A chocolate truffle is a chocolate lover’s dream, whether dusted with cocoa powder or enrobed in chocolate. Typically non-vegan commercial chocolate truffles—even the dark chocolate ones—are made with cream or butter, and sometimes corn syrup is added. Not here! My vegan chocolate truffles are made with high-percentage dark chocolate, meaning more chocolate flavor and less sugar. Non-dairy milk, yogurt, cashew cream, and even orange juice replace the dairy cream. There are some flavorings for the liquids and small amounts of extra-virgin olive oil may be added, but that’s all there is to it. Truffle ganache and shaped truffles can even be made ahead and refrigerated or frozen for whenever you need them. The hard part isn’t making these truffles, but choosing which ones! So, are you in the mood for a bittersweet bite, or perhaps one flavored with ginger, orange juice and tahini, espresso, chai, or Aztec-spice?
Always read the recipe all the way through and plan your time.
- Use a chocolate you enjoy eating on its own.
Why: the flavor of the chocolate is apparent in the finished truffle.
- You must stay within the chocolate percentages listed in the recipe.
Why: Higher percentage chocolates have more cacao solids and less sugar, and vice versa. Not only the taste, but also the consistency of the ganache will be affected.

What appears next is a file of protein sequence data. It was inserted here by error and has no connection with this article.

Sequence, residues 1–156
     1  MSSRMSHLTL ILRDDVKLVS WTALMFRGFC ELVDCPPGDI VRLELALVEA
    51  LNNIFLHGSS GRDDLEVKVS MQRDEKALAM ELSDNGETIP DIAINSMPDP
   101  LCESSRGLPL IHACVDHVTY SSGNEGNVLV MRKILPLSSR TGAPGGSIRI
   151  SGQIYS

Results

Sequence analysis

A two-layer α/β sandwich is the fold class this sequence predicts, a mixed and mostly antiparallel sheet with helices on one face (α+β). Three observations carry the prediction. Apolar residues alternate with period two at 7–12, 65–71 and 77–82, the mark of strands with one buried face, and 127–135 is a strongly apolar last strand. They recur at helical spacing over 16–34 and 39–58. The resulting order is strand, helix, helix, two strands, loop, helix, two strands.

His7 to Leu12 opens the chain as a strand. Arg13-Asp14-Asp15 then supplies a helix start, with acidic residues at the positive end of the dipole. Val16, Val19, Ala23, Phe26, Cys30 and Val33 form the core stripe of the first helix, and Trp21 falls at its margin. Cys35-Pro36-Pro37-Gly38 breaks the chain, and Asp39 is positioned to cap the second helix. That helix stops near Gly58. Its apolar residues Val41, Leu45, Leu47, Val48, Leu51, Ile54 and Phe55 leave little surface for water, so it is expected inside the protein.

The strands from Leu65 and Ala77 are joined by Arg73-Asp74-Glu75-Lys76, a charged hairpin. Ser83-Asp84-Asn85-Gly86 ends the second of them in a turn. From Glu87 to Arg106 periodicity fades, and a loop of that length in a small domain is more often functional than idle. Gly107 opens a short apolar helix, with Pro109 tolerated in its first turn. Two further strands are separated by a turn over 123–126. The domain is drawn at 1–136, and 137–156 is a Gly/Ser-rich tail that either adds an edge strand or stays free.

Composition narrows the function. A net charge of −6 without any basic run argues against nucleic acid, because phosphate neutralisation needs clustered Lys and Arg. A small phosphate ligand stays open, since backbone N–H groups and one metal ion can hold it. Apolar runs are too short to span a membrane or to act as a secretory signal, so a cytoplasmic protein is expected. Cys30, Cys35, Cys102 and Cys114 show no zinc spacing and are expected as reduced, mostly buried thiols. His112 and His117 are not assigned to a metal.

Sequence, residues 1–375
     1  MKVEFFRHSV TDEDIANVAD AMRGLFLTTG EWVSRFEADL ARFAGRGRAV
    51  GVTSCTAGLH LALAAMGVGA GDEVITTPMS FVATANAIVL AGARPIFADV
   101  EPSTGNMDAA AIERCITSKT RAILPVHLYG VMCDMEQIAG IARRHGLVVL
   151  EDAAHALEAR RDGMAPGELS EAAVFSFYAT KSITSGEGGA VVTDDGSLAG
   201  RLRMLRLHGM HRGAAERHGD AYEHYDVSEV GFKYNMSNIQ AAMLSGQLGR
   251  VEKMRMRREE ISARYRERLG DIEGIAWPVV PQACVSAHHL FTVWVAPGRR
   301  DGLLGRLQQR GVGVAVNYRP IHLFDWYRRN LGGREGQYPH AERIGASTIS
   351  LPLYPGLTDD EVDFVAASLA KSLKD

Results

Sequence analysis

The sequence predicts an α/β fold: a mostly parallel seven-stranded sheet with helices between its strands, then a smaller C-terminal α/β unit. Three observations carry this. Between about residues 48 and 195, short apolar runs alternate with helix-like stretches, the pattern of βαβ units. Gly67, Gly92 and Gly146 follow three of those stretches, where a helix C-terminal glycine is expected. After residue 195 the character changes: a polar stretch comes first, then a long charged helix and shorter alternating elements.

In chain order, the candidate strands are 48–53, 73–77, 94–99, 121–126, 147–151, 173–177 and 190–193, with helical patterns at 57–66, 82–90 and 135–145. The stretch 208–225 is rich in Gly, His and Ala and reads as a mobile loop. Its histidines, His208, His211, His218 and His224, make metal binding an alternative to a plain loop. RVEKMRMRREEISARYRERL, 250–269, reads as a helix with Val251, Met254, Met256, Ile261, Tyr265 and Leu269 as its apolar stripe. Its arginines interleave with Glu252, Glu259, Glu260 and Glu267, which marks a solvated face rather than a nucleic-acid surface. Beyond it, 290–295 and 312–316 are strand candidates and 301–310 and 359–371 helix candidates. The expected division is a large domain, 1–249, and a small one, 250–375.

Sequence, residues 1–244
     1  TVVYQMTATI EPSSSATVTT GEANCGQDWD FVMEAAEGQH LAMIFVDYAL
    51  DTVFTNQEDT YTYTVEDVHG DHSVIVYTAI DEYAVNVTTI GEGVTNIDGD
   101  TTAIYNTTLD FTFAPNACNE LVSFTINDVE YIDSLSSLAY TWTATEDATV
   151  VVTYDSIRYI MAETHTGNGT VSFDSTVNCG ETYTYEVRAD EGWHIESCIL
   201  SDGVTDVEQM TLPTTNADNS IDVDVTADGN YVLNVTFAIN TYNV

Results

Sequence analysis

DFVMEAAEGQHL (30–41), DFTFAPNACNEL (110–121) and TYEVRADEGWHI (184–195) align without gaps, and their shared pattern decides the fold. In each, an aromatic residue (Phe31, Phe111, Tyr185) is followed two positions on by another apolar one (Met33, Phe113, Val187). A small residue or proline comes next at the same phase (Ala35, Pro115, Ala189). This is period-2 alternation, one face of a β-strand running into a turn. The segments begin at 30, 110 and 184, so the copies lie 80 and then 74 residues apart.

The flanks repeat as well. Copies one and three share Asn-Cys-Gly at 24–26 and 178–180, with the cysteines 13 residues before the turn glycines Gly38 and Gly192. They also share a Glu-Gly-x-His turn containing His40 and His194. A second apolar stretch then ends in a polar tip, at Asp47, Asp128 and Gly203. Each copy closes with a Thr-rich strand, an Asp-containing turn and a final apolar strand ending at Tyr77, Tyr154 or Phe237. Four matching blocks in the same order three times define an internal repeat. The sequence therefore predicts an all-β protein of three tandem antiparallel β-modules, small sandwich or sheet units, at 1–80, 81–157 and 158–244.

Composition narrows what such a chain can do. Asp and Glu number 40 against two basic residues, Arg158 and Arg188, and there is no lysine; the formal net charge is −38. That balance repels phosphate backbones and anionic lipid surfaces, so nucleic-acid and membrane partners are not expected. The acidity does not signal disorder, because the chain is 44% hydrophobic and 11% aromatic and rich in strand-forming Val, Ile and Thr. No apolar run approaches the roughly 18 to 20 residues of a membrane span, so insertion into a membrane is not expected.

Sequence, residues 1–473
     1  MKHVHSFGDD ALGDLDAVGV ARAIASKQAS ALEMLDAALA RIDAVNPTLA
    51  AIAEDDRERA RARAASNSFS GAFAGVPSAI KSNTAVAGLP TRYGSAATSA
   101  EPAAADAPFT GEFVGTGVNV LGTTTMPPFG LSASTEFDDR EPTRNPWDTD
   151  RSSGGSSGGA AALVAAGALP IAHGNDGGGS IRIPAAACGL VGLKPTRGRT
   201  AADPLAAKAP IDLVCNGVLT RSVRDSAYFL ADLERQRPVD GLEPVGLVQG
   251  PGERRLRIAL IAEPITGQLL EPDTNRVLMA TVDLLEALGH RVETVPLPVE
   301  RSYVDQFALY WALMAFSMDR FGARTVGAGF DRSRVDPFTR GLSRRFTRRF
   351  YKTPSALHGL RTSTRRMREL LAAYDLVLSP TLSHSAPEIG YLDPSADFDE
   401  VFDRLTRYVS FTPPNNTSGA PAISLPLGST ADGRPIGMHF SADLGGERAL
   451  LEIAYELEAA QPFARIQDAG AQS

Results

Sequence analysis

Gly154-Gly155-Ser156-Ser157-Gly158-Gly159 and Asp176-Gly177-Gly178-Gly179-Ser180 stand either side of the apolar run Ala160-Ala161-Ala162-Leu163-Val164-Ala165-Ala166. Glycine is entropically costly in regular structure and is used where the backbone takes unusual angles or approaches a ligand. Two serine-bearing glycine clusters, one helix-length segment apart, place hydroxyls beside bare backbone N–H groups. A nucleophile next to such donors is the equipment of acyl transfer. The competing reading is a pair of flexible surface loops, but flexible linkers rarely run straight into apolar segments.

- Finely chop the chocolate. Make sure the board and knife are absolutely dry. Put the chocolate into a heatproof bowl.
- Heat the liquid. Bring the plant milk or other liquid specified in the recipe, with any other ingredients to a low boil, over medium heat, stirring a few times. Remove the saucepan from the heat as soon as the liquid boils.
Why: You want the liquid to be hot enough to melt the chocolate but not so hot that the cocoa butter (the fat), will separate from the chocolate.
- Pour the hot liquid over the chocolate, all at once.
Why: A little bit of liquid, or even steam, can cause the chocolate to seize, but a lot is ok.
- Cover the bowl and do not stir for 3 to 4 minutes.
Why: Allowing the chocolate to melt slowly into the hot liquid is necessary for velvety smooth truffles.
- Uncover the bowl and whisk the mixture slowly until a glossy, emulsified ganache is achieved and then stop.
Why: Whisking too long or too hard can turn a bowl of gorgeous glossy ganache gritty.
- Test a spoonful of the ganache in the refrigerator for ten minutes.
Why: You want to make sure the texture of the finished ganche is firm enough to shape, but not too firm.
- Keep the ganache at room temperature for 30 minutes before moving it into the refrigerator.
Why: Chocolate is sensitive to changes in temperature.
- Shape the truffles, when the ganache is set. Finish with cocoa powder, cocoa powder and melted chocolate, chopped nuts, coconut shreds, nibs, or enrobe in melted chocolate. See my book Vegan Chocolate for details.
Photos courtesy of David Leggett, Flickr Creative Commons